Humano

TV review by
Melissa Camacho, Common Sense Media
Humano TV Poster Image
Insightful docu has some violent imagery, hallucinogens.

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Positive Messages

Ancient, indigenous practices and rituals are of great value and deserve to be respected (even if not believed). Seeking wisdom and understanding by getting closer to nature is also a major theme. 

Positive Role Models & Representations

Stivelman is open-minded, courageous, and curious. Plácido is kind and patient. 

Violence

Animated segments feature some violent dream sequences involving the slaughtering of wild dogs. This is offered in context, and used to explain spiritual messages. 

Sex
Language
Consumerism
Drinking, Drugs & Smoking

Plants like coca leaves are chewed to help with altitude sickness. Hallucination-causing fruits are consumed sparingly for specific, sacred rituals.

What parents need to know

Parents need to know that Humano is a critically acclaimed documentary that follows a young man as he takes a spiritual journey in the Peruvian Andes with the help of a mystical priest. Animated depictions of dreams sometimes feature some violent images (like wild dogs being stabbed and killed), but these moments are offered in context. There are extensive conversations about, and some chewing, drinking, and smoking of natural plant and fruit hallucinogens, which play an important role in ancient spiritual rituals and in fighting sickness (and should only be consumed by informed, supervised adults). 

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What's the story?

HUMANO is a documentary about a young man’s three-month journey towards self-awareness and discovery. It’s 2011, and 25-year-old Argentinian Alan Stivelman, armed with a single camera and an open mind, travels to the central Peruvian Andes to meet Plácido, a Q’ero Inca paqo (priest) and ask him 200 questions about the origin of, and the meaning behind, the existence of humans on Earth. Before answering them, Plácido takes Stivelman on a journey deep into the mountains in order to raise his level of consciousness so that he can find, and truly understand, the answers he is looking for. As the filmmaker participates in ancient rituals, battles the altitude during physical treks, and copes with the beautiful, but challenging, environment, the mystical priest patiently teaches him that it is only when people understand the natural, spiritual relationship between human beings and the Earth, that they learn to be human.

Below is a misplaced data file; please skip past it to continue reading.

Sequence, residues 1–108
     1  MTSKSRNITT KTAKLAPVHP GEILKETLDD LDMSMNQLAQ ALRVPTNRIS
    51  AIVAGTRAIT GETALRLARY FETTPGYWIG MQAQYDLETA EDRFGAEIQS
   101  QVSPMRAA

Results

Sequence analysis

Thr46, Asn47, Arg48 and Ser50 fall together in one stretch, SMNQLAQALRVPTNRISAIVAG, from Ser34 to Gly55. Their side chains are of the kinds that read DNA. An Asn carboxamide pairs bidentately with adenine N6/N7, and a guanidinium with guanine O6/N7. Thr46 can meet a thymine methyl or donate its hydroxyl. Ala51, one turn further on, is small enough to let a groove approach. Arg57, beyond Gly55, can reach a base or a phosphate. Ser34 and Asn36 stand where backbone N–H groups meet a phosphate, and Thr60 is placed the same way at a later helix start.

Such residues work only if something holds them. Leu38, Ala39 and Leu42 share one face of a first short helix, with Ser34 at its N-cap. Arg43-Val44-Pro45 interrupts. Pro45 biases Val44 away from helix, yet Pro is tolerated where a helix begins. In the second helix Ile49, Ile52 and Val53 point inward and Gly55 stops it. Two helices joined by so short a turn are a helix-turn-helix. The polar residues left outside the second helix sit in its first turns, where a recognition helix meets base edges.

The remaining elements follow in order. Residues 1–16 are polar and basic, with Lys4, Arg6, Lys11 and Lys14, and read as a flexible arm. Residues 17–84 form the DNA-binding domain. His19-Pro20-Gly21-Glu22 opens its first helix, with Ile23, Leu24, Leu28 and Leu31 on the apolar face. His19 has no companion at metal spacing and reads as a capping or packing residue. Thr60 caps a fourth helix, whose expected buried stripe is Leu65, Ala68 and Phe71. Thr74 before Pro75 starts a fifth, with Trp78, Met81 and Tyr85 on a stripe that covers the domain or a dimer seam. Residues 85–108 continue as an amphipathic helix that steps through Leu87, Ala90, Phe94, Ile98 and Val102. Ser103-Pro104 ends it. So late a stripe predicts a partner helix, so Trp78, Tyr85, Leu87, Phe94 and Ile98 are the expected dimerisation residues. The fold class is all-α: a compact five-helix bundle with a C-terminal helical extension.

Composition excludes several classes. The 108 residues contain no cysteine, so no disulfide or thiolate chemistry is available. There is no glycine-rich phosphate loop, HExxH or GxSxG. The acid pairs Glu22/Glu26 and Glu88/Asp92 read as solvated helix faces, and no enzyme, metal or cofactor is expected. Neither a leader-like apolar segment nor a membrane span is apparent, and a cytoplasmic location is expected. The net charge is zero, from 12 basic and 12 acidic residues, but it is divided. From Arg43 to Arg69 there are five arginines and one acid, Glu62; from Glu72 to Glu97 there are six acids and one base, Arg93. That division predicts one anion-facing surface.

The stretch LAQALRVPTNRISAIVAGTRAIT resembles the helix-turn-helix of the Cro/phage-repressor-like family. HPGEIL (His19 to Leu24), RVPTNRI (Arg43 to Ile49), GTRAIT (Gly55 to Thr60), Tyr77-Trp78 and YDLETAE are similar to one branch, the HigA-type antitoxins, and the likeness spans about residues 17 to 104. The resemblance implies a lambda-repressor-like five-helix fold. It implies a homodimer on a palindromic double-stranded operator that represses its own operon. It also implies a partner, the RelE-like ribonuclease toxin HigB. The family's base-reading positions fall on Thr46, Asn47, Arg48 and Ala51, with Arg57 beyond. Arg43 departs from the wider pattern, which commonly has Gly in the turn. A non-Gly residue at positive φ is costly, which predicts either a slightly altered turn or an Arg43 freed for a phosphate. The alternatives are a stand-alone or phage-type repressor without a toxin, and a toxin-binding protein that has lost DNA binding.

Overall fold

Is it any good?

This intimate and fascinating documentary offers an insightful look into the spiritual awakening of a young man thanks to his sense of adventure and lack of prejudice. But what makes his journey particularly interesting is the glimpse it offers into the sacred and ancient beliefs and rituals of the Q’ero, an isolated ethnic group who are considered the last direct descendants of the Inca. Plácido, who appears to have some significant contact with the occidental (Western) world, deconstructs some of the foundations of his people’s belief system in ways that those who live modern lifestyles can understand. This creates a simple, but eloquent overarching narrative that encourages self-reflection as Stivelman seeks his own purpose. If viewers are willing to watch Humano with an open mind, they'll discover a beautiful film that reminds us that our dissatisfactions in life are often a result of seeing materialism as a natural state of things, and forgetting the importance of maintaining our human connections with the natural world. 

Talk to your kids about ...

  • Families can talk about the history of the Q’ero Inca community. Did you know that they are considered the last of their kind? How do you think their community, and their culture, will survive?

  • What lessons does Humano offer about human’s relationship with nature? Why is it so important for human beings to understand this connection?

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